Fantasy Urban Fantasy Science Fiction

We sit outside before midnight to listen for footsteps from the desert. I ask the man next to me why the spirits look like one of us. He says we can only see what we understand. 

His rough hand plops down on my head. 

“You ready kid?”

Once the noise dies down, we stomp out the fire and shake the smoke from our blankets. I dig out the last scoop of beans and lick my fingers. The cans clink together in my bag while we walk toward our forts. 

I duck my head to get inside our dusty room. My brother shoves an old wooden door into the cut-out frame and clamps the sheet metal to block out the wind and cold. The sound of locks and chains ring out in the alley. We’ve lived in this row for almost two years, a gathering of rusty forts all strung together with battery powered lights and shards of stained glass. Everyone takes shelter inside, before the Earth wakes up to walk around.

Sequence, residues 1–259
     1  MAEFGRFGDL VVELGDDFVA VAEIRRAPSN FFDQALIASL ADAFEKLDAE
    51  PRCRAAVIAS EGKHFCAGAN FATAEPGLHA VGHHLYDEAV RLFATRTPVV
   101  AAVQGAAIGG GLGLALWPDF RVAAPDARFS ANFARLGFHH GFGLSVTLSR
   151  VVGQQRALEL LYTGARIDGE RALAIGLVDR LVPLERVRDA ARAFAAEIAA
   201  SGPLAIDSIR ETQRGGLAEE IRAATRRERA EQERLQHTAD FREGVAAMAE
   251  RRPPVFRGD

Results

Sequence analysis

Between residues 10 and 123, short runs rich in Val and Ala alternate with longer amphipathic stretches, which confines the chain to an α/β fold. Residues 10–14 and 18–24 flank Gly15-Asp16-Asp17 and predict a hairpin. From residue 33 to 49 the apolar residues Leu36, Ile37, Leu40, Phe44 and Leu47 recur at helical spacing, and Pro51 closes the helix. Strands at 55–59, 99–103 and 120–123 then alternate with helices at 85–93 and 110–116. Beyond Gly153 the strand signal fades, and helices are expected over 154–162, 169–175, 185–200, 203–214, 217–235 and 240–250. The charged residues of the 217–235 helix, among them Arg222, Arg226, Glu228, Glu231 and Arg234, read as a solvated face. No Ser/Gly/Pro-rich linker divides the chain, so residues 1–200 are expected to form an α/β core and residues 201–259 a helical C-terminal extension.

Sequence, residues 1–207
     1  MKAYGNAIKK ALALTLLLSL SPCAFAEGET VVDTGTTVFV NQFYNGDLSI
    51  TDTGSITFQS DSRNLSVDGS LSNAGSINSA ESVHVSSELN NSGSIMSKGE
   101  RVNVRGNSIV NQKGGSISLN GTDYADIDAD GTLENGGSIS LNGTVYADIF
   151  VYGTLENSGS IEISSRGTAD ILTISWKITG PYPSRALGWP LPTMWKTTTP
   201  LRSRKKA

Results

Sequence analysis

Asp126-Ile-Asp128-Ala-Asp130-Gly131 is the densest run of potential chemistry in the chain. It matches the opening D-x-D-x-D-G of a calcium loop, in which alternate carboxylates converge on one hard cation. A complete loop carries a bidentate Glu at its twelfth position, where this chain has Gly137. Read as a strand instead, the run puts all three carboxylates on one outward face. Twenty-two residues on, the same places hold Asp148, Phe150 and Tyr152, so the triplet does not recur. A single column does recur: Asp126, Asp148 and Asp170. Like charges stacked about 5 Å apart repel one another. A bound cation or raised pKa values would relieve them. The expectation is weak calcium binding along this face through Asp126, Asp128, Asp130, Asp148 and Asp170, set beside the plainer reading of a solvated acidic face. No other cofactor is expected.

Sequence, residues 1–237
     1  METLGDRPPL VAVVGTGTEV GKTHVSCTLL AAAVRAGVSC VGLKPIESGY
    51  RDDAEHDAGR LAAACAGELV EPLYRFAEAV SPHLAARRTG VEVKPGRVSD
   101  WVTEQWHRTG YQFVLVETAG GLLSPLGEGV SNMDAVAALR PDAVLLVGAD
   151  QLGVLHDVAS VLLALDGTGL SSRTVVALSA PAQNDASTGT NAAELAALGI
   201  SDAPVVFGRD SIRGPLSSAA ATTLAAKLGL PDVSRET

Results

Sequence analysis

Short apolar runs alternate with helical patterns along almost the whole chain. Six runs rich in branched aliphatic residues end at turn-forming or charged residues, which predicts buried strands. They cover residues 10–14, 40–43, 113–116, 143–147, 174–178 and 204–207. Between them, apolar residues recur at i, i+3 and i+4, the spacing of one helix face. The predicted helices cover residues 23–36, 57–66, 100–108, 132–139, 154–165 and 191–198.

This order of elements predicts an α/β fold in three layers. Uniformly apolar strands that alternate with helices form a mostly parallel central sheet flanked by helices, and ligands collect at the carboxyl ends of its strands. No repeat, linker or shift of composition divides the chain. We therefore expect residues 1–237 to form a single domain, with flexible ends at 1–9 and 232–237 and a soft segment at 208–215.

We spent the previous night celebrating Tuesday, because Tuesday is the day the spirits of the desert visit with us. We let them into our alley, and they entertain us until the sun rises. They bring baskets with dry beans and cactus juice, and we thank them and praise them for their magic. A spirit will stand on top of a stump when the moon is brightest and claw a hand in the pale light. The ground below turns to soggy soil. The spirit moves its shoulders back and forth and sings until a flower sprouts. Then tomatoes and apples and cucumbers and dandelions.